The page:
• It can also cause osteoporosis, gum disease, lost teeth and oral cancers.
• She also explained that it contributes to poverty, with many people with mental health issues spending up to a third of income on cigarettes.
• People with SMI are X3 more likely to smoke, and to smoke more heavily than the general population. They are more likely to develop smoking-related illnesses, and less likely to receive help to quit.
• Smoking is also associated with a wide range of different factors, such as:
o Longer length of stay
o More severe psychosis
o Higher rate of relapse
o Association with suicide
o Higher doses of medication
o Association with illicit substances
o Multiple health problems
• Mary reported that while the smoking figures for inpatients are changing, the figures for people once they are discharged in the community is very different.
• Mary questioned whether stop smoking services in the community were having the impact that they should, with SLaM making 595 referrals to the service and having only 9 people successfully quitting.
• Mary talked about the evidence based treatments for tobacco dependence and advised nicotine replacement therapy in the first instance but e-cigarette in the second instances – as they are 95% safer than smoking tobacco.
• There were a number of questions and reflections on Mary’s presentation.
o David suggested that we need a consistent messaging through various organisations about tobacco dependence.
o Sarah highlighted that the tobacco dependence budget in local authority has been cut significantly and that cannabis smoking has overtaken tobacco smoking, with many people doing both together.
o Joiss suggested that we need to be realistic and understanding about number of attempts that are necessary to quit and Mary agreed, saying that on average it takes somebody with SMI 14 attempts to quit.
• Sue updated on the Living Well Network Alliance and explained that the single point of access, mobile response unit and front door are all planned to go live on July 1.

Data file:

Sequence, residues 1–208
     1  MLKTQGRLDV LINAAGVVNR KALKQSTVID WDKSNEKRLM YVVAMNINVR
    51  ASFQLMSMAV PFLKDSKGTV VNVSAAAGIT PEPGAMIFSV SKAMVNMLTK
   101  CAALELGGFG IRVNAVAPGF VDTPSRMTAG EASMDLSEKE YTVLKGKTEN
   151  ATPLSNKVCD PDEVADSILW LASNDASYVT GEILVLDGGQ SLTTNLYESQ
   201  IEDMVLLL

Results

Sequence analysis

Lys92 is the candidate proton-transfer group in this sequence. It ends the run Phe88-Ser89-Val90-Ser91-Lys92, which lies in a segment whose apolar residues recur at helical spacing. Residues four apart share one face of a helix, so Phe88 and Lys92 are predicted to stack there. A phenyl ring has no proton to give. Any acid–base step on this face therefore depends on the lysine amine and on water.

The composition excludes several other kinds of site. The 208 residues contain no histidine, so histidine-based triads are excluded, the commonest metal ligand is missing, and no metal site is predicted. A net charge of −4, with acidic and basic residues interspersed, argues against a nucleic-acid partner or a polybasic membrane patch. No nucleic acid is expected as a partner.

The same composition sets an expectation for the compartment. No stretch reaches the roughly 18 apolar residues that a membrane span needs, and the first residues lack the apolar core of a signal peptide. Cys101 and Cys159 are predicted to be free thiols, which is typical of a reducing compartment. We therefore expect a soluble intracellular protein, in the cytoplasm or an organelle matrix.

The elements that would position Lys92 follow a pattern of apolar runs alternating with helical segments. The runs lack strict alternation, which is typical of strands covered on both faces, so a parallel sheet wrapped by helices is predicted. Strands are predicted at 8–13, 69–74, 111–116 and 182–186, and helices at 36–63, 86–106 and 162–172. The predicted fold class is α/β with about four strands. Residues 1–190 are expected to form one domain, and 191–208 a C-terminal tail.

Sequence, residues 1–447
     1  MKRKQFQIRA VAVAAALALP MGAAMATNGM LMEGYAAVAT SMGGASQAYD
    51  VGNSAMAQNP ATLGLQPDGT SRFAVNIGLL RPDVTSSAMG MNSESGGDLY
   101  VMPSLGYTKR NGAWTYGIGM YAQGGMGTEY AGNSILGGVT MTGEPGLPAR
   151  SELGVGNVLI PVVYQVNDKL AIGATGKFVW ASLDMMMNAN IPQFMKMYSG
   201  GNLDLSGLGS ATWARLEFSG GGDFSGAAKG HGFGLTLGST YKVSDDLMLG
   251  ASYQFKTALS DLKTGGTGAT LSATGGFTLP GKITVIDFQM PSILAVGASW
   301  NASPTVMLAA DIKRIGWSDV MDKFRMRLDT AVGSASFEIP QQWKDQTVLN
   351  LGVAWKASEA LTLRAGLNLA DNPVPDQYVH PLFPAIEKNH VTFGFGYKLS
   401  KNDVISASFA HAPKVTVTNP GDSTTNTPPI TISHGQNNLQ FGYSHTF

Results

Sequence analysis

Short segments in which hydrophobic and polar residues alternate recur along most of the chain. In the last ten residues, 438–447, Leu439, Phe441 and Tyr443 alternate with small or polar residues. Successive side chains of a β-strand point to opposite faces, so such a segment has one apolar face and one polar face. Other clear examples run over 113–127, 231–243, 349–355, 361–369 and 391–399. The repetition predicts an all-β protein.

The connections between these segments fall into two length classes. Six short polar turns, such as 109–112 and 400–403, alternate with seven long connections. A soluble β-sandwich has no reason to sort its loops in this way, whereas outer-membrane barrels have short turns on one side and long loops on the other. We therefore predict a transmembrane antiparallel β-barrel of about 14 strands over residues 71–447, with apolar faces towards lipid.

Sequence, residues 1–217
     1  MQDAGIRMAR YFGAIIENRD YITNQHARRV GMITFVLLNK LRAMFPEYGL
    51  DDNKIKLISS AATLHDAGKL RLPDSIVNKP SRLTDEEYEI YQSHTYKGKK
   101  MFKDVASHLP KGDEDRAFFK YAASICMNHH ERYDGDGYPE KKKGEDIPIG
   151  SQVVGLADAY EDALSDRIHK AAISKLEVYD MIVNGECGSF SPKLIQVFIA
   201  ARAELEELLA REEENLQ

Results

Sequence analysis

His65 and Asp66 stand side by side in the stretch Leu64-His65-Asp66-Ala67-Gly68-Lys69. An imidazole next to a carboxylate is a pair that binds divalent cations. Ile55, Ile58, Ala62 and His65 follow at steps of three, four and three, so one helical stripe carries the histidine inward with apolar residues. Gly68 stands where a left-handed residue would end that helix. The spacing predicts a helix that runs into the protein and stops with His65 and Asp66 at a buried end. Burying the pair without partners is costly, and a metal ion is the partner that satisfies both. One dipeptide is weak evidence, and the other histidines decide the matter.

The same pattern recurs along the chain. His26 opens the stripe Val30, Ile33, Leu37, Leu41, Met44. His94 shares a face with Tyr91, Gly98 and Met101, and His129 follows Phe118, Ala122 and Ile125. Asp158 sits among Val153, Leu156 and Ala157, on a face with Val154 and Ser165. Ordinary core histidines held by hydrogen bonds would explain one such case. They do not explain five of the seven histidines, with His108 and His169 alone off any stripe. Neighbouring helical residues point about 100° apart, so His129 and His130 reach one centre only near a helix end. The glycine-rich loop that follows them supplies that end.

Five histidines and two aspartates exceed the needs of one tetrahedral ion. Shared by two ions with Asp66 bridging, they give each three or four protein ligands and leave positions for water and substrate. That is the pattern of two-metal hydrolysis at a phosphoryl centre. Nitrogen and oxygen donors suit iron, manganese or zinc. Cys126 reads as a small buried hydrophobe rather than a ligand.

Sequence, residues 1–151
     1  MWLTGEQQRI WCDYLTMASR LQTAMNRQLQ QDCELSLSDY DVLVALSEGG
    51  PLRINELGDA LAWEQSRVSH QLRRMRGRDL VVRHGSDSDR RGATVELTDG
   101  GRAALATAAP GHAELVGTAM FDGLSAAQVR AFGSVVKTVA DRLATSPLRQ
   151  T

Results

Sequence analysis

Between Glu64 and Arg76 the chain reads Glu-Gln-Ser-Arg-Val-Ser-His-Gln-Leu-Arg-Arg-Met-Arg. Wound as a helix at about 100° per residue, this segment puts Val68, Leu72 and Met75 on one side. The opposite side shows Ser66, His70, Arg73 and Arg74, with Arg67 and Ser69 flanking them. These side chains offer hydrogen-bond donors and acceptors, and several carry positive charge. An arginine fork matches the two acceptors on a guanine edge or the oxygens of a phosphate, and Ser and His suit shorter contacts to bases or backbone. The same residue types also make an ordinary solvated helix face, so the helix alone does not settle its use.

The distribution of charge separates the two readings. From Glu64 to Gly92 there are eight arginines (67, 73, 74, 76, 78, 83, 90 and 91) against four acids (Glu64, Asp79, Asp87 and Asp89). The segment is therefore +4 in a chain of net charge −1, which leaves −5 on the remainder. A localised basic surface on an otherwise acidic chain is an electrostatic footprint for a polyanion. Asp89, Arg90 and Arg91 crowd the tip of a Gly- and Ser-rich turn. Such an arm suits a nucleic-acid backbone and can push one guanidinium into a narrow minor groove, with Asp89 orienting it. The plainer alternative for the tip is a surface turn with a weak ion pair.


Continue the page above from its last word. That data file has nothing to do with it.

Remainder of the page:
• Chris updated on the Sanctuary, which has become a 7 night service from April 1.
• Service is seeing 7-10 people a night and a number peer supporters are involved in delivering the service.
• The official launch of the 7 day service will be on May 23, from 3-5pm and as part of the Open Event on crisis services.
SLaM Service User Involvement Group
• Alice and Emma updated on a comedy school programme, which focuses on stand up comedy and improvisation. This runs in spring and summer term at recovery college and has been extremely successful so far!
• There was also an update on the launch of SLaM’s Changing Lives strategy, and a number of engagement events will be taking place around this.
• Natalie updated on Black Thrive and explained that they are currently working on developing their priorities.
• The Shared Measurement System will be soft launched in June with partners, ahead of a broader launch in October, which will be open to the community.
• It was suggested that the October Collaborative breakfast is spent focusing on the Shared Measurement System and the LWNA Outcomes.
• Manju updated on the research that she had been doing, having attended the Collaborative for a number of months and looking at how it is making an impact on people’s mental health.
She will be carrying out some structured interviews with a range of people across the system and the plan is to develop a toolkit, which can be implemented by other London boroughs.
Finally, the group sent thanks and good wishes to Jonathan Morally and Mark Young who have left recently. Jonathan, whose vision has helped to shape the Collaborative website has been a valued Support Worker at Mosaic Clubhouse for 11 years. There were cakes, presents, speeches and a rendition of ‘One Love’ at the Clubhouse farewell. Meanwhile, Mark Young, who has moved to Mind in Hackney worked for Thames Reach; a former Community Support Guide Mark was involved with the Collaborative Assessment, Action, Planning prototype in 2012, which led to the setting up of the Living Well Network Hub. Latterly, Mark was Alliance Lead Manager, part of the dynamic team IPSA (Integrated Personalised Support Alliance), helping to change the lives of those who have spent years in care homes and on hospital wards . All the best to both.
Pictured above: Top left, Mark Young with Sue Field and Stacey Hemphill promoting the Living Well Network Hub at a Mosaic Open Morning in July 2014; Below: Jonathan Morally with Clubhouse member Julia Evans at his recent farewell celebration. Top right: Service user stalwart Dorrel Bennett and First Step Trust’s Katie Ryan; below, Mary Yates at her presentation with Collaborative members.
Next meeting Thursday , June 13, Abbevilles.